There are some things you should keep in mind about how Contextual Data should be applied for the highest quality insights, targeting, and execution of ad spend.
Contextual Data is Directional
For example, looking at a group of people consuming articles about smoking does not guarantee that this group of individuals consists only of smokers. The case may be that individuals in the audience are consuming articles about how to stop smoking so they can help their loved one quit.
Contextual Data is Not Market Size Data
Similarly, audience metrics for Contextual Data should not be used as a market sizing tool. The number of people who are reading about smoking doesn't equal the number of people that smoke. Instead, search our Resonate Elements for market size data.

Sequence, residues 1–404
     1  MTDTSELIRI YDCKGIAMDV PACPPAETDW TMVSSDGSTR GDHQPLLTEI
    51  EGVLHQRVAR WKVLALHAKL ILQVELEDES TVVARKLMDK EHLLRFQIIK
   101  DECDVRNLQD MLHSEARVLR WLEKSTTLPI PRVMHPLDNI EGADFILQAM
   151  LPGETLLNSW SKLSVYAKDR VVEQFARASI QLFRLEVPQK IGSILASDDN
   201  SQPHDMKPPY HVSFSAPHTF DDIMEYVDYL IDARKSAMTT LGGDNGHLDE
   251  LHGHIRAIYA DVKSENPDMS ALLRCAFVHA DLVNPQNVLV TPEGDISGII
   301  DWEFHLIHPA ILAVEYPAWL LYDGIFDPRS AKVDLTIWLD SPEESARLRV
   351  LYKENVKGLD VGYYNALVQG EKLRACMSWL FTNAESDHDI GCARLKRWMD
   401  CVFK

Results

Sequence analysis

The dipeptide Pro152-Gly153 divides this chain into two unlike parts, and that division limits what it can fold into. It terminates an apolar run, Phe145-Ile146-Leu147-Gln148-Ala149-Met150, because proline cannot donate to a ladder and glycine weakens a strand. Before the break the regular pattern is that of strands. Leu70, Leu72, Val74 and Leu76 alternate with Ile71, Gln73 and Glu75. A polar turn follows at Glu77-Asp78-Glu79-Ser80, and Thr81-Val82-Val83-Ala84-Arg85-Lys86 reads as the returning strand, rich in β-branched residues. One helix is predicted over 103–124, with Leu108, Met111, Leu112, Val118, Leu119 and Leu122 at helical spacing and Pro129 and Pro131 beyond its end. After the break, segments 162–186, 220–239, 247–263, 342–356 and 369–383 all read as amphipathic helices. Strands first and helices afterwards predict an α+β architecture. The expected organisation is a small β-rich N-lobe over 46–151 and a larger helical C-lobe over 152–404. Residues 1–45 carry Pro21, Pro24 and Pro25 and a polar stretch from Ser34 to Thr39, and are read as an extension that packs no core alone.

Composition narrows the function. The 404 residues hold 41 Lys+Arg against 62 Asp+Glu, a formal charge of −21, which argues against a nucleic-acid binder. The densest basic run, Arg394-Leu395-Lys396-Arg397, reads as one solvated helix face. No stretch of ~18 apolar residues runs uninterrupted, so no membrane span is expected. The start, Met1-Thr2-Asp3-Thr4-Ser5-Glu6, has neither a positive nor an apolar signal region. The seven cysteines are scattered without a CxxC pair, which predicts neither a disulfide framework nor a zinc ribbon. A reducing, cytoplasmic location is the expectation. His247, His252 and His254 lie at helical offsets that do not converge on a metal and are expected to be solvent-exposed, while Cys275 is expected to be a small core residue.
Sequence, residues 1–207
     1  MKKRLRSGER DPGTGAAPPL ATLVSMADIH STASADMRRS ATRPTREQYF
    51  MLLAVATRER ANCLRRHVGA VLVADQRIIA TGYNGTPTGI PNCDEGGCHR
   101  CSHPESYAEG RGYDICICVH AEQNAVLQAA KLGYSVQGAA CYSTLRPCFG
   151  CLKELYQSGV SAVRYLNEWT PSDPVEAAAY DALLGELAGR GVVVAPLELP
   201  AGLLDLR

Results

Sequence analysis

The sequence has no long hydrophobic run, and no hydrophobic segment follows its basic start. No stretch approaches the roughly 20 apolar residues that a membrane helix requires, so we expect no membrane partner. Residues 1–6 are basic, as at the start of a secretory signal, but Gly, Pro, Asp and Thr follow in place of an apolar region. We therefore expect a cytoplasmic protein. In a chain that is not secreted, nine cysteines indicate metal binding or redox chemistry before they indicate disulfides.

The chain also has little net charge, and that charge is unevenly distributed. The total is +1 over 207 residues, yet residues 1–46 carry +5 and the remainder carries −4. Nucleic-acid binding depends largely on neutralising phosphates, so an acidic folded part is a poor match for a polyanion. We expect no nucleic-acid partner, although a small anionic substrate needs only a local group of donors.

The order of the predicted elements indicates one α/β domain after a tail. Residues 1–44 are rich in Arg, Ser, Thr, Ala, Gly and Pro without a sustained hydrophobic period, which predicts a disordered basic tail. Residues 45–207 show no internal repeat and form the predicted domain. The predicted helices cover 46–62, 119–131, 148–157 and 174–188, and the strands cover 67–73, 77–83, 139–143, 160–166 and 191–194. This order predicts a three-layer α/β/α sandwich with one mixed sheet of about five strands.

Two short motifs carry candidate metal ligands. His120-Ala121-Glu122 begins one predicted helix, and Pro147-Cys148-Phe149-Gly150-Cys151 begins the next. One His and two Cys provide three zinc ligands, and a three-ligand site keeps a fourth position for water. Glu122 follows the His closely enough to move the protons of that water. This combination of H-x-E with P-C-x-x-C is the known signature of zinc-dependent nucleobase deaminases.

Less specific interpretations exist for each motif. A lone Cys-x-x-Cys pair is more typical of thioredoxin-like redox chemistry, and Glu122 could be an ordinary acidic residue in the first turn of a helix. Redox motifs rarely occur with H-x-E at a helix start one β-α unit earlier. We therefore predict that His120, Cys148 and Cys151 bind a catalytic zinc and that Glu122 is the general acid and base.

Contextual Data is Not Sentiment
There is also no way to decipher if the articles consumed are negative or positive towards smokers, so this data should not be used to infer sentiment. For example, this audience may consist of individuals who are researching the harmful effects of smoking.
Contextual Data is Not Trending Topics
Unlike Twitter trending topics, our Standard Contextual Study topics are static. If you need data on a recent topic, consult with your Resonate Customer Success Manager and ask about our Custom Contextual Studies!